We all want clean kitchen worktops – but it’s easier to clean some surfaces than others. Maybe you want to know how to look after a specific material, or perhaps you’re choosing your worktops and researching which material is lowest-maintenance. Never fear: we’ve got the answers for you here
‘Clean kitchen worktops’ is the right thing to type into Google, because your worktops will account for a hefty chunk of your kitchen-buying budget. Look after your worktops and they’ll last for years to come (yay!); neglect them, and soon you’ll need to replace them (boo!). So let’s dive in and talk about the different materials on offer…
Natural and beautiful, hard wood is more affordable than stone and comes in a wide range of wood grains and tones. Bonus fact: it’s naturally antibacterial, so is a great choice when it comes to hygiene. It’s one of the more easy to clean kitchen worktops. Mix white vinegar, washing up liquid and water to disinfect the worktops with ease – just be sure to dry them afterwards. And as a bonus, age is kind to wood.
However, remember that natural hard wood needs regular maintenance. Oil your worktops as often as possible for the first six weeks, then every three months (sorry about the faff). Also, be careful with knives and other sharp objects like skewers, as wood can and will scratch. It can also stain and get scorched, so be careful where you set down hot pans!
Quartz and other engineered materials
Quartz is a popular choice for worktops as it’s stain-resistant and easy to clean and maintain. So you’ll be able to have permanently clean kitchen worktops with just a little effort. It comes in many different colours, is anti-bacterial and very durable and hardwearing. However, it’s very pricey and is also extremely heavy, so leave installing the worktops to the professionals. It can also sustain heat damage and doesn’t perfectly replicate the look of natural stone. To clean quartz, use a wet soapy microfibre cloth. Steer clear of any very acidic or harsh cleaners and don’t use a rough surface such as a Brillo pad, as the surface may scratch.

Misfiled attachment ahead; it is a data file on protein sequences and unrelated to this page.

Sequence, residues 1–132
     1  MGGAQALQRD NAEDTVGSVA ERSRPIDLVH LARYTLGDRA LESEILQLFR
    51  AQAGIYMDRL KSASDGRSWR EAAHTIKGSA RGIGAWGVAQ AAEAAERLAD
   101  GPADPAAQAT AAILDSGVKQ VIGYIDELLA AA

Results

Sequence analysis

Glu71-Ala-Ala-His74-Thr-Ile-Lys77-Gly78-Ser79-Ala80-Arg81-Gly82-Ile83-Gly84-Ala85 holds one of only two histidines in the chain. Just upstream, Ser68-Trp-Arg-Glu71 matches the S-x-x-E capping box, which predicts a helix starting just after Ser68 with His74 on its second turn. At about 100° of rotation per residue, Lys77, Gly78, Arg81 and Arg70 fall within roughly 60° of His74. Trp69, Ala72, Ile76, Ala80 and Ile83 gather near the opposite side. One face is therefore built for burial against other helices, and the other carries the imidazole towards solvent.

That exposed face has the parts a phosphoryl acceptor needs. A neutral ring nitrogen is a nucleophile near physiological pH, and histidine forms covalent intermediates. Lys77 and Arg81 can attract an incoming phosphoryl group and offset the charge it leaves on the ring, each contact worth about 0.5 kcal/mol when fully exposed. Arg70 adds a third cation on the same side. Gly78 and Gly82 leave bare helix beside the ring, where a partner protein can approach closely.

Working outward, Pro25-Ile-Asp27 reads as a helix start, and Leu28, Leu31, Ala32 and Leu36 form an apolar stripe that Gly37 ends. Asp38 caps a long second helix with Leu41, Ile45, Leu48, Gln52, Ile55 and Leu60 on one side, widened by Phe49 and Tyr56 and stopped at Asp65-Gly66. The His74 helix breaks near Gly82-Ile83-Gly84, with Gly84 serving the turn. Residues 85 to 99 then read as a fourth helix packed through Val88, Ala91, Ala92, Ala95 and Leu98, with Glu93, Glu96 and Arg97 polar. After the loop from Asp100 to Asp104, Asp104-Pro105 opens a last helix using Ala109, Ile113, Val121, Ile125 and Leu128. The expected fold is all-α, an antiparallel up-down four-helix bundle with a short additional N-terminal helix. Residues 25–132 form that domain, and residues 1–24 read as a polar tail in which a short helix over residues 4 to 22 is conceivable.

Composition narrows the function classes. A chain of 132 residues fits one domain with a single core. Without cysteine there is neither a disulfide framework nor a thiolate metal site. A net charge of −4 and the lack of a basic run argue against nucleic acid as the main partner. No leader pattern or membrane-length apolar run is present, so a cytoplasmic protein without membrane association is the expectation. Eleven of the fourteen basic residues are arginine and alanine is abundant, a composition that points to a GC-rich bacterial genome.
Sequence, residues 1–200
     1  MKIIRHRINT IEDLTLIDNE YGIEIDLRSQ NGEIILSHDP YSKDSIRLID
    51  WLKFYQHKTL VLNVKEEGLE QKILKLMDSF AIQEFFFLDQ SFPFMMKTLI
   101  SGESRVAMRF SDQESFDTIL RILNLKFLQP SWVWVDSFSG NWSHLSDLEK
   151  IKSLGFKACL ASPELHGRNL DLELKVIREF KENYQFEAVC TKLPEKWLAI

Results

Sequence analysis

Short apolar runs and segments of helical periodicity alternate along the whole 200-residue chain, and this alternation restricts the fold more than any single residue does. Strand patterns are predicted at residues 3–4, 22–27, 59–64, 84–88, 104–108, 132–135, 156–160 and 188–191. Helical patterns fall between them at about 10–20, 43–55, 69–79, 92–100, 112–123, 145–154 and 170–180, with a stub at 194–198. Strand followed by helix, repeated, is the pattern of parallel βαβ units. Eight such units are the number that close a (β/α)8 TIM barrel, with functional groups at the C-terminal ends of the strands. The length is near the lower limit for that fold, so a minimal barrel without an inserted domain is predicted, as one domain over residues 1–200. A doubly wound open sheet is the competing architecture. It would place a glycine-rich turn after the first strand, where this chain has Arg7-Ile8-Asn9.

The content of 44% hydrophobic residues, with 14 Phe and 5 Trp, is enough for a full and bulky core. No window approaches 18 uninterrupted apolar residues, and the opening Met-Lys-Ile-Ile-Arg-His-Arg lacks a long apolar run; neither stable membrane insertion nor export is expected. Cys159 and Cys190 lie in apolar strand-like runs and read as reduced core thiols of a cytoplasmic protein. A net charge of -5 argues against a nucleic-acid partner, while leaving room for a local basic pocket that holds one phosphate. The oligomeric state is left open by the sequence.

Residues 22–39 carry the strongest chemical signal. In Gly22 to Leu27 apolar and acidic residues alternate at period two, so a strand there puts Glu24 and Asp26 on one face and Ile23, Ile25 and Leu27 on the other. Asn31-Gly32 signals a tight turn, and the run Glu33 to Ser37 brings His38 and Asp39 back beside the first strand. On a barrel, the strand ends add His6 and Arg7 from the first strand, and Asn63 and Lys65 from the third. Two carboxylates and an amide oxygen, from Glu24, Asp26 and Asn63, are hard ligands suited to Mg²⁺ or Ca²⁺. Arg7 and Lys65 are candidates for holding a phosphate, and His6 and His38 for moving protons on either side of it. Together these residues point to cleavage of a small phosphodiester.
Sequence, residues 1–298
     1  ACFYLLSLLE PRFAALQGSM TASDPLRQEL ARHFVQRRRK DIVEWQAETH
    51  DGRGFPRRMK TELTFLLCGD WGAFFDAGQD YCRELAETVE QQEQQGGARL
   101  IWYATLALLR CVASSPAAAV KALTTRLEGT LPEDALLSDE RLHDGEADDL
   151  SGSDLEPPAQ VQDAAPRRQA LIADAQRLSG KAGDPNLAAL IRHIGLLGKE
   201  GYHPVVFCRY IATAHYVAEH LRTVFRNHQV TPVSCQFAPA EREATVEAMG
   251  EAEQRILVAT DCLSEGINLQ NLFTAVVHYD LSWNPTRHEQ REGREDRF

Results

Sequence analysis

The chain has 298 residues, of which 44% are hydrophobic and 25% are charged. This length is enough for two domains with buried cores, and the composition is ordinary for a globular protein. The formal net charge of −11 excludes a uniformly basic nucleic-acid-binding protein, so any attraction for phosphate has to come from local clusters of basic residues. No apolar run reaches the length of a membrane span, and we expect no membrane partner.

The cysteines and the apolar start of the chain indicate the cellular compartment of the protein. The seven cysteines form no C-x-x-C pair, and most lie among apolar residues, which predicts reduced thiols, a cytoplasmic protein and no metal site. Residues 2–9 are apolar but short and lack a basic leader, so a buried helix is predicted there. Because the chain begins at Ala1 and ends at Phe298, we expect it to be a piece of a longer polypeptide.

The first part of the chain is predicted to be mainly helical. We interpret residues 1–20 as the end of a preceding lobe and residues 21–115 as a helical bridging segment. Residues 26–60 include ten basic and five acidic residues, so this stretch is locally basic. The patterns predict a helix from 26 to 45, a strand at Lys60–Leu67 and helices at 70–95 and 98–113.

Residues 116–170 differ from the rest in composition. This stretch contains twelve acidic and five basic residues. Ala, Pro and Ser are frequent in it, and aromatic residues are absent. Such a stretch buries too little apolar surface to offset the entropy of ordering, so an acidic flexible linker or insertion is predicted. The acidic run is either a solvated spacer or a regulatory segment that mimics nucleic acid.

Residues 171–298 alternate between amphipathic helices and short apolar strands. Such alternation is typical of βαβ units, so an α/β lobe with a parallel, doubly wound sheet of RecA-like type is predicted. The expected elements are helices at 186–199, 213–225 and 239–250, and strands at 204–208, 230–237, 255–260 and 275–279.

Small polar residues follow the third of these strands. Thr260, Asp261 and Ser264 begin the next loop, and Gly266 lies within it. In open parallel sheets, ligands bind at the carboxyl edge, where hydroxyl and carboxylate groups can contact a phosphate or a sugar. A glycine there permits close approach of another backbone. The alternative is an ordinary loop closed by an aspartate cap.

Marble is beautiful, natural and at the top of many people’s wish lists. It looks stunningly opulent, can add value to your property and will last a long time if cared for properly. However, it’s also extremely expensive, not eco-friendly, stains and scratches easily, is not resistant to acidic foods and will degrade over time if neglected. Seal it twice a year, and look after it well, as it’s difficult to clean. There are specialist marble cleaners you can buy, such as Method Granite and Marble Cleaning Spray (£3.98, John Lewis) but a microfibre cloth soaked in distilled water is suitable for everyday stains. You will find they don’t shift quickly though.
More advice on how to care for your kitchen surfaces
Another natural stone, granite is harder and stronger than marble and is therefore glossier. It is slightly less expensive but arguably also slightly less beautiful, with a range of speckled colours running through it. Unlike marble, it is mostly scratch resistant and only needs resealing once every two years. The lighter-coloured the granite is, the more porous it is and the more maintenance it requires. It should be cleaned in the same way as marble (above) for properly clean kitchen worktops.
Dekton and other composite solid surface worktops
Want to buy easy to clean kitchen worktops? Dekton, Corian, Maia and Encore are called solid surface worktops. They’re created by taking a substrate material such as wood and adding an acrylic resin on top. They’re very expensive, but are also heat and scratch resistant, don’t stain and you can mould them into any shape, while all you need to clean them is warm soapy water or an ammonia spray. However, do steer clear of using window cleaners, as they can leave a waxy residue which makes the surface less shiny.